Grants Available for DWI Courts

The Substance Abuse and Mental Health Services Administration (SAMHSA), Center for Substance Abuse Treatment (CSAT) is accepting applications for fiscal year (FY) 2015 Grants to Expand Substance Abuse Treatment Capacity in Adult and Family Treatment Drug Courts. Eligible adult drug court models include Tribal Healing to Wellness Courts, Driving While Intoxicated (DWI)/Driving Under the Influence (DUI) Courts, Co-Occurring Drug and Mental Health Treatment Courts, Veterans Treatment Courts, and Municipal Drug Courts that adhere to the drug court 10 key components. Applications are due by March 27, 2015.

Upcoming Course: Mar. 23-26 in Reno, NV. "Behind the Wheel: Today's Traffic Offender"

The arena of traffic-related offenses is constantly evolving. Driving while under the influence of drugs as well as alcohol will be an issue that will appear with more frequency in traffic courts around the country. This course will offer insight into case issues and effective strategies from the perspective of the prosecutor, the defense attorney, the treatment provider, and the judge. The course will also offer several sessions regarding the state court tie-in to administrative law issues such as license revocation and driving with a suspended license, and will also provide solutions to modern day traffic court issues such as distracted driving and commercial motor vehicle issues. In addition, during the course we will visit a drug court session at the District Court in Reno in order to become familiar with the drug court model. Finally, the course will provide an in-depth analysis on evidence-based sentencing options which judges can effectively use when managing traffic offenders. Potential attendees are advised that there are a limited number of scholarships available for tuition and up to $750 in travel costs based on approval.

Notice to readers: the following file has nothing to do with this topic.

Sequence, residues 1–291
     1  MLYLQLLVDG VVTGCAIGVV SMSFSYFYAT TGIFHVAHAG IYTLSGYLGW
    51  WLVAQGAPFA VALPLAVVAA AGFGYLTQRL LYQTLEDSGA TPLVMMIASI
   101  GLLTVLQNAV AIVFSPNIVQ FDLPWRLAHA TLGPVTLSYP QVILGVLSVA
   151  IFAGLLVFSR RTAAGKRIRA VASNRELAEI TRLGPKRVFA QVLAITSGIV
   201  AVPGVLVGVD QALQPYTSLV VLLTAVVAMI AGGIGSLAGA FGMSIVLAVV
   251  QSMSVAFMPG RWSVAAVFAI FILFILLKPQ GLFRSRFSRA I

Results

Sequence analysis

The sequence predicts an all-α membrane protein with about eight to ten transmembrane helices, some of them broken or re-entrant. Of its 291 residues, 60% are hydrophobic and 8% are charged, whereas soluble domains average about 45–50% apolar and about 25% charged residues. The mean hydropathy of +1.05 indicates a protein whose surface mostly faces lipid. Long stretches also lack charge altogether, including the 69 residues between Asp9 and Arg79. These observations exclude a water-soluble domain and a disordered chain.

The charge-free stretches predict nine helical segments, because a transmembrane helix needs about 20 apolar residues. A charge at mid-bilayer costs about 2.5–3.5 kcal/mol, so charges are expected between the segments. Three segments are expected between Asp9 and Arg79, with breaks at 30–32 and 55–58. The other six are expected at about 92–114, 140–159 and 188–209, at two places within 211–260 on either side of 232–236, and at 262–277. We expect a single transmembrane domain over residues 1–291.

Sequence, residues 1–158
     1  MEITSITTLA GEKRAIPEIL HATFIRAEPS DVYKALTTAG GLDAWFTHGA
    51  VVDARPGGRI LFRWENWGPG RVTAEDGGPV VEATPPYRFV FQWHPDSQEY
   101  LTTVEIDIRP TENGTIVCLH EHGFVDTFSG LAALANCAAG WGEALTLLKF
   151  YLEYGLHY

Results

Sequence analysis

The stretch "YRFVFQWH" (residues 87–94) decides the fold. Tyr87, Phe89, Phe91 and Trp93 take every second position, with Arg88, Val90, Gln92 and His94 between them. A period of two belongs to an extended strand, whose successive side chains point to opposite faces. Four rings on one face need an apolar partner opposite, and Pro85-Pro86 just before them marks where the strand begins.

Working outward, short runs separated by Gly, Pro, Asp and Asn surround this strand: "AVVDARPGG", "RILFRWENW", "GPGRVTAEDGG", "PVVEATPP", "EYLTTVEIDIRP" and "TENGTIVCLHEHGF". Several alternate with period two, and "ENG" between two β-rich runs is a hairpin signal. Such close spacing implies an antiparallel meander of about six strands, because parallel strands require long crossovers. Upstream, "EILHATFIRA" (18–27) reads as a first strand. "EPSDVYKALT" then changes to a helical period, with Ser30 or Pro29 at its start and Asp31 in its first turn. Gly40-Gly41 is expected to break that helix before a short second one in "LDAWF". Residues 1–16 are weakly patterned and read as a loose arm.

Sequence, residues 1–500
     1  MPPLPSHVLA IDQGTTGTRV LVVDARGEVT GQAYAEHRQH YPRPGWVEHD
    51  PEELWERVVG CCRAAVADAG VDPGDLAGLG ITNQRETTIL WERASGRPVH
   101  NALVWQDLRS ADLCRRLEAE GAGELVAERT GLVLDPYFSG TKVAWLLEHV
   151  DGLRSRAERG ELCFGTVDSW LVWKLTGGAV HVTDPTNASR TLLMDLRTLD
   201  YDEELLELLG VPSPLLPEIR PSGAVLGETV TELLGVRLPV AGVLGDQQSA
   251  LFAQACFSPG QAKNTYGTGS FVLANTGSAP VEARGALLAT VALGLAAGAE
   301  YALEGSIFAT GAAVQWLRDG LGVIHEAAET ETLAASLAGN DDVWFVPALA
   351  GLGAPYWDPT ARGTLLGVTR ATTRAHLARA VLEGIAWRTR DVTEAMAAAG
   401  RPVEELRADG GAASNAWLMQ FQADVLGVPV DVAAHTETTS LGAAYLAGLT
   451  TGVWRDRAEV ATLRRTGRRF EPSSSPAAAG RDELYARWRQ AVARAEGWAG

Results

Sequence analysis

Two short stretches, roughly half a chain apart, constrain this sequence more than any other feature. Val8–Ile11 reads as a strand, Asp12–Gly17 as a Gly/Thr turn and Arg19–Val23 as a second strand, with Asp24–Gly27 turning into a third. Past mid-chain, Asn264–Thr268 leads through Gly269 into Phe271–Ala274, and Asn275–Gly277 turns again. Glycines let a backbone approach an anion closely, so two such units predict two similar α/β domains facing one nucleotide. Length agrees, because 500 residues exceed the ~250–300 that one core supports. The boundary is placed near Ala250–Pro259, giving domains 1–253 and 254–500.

Call for Article Submissions!!!

Trends in State Courts is an annual, peer-reviewed publication that highlights innovative practices in critical areas that are of interest to courts, and often serves as a guide for developing new initiatives and programs, and informing and supporting policy decisions. Trends is the only publication of its kind and enjoys a wide circulation among the state court community. It is distributed in hard copy and electronically. Submission for the monthly online version of Trends are welcomed. Please email abstracts of no more than 500 words to Deborah Smith at dsmith@ncsc.org for consideration. Visit the Trends in State Courts website at www.ncsc.org/trends 

NCSC Traffic Resource Center

The Traffic Resource Center is a cooperative effort between the Department of Transportation and the National Center for State Courts (NCSC) to establish a resource for judges, court administrators, court clerks, and other court staff on issues related to traffic adjudication. It is an integrated clearinghouse of information as well as a training and technical assistance resource to improve court decision-making and processing of traffic cases involving impaired driving, drugged driving, distracted driving, and commercial driving. The purpose of the Traffic Resource Center website is to provide a useful, ready reference for judges new to the bench or recently assigned to traffic cases, who may need quick access to accurate and timely information until they can receive more formal, structured education.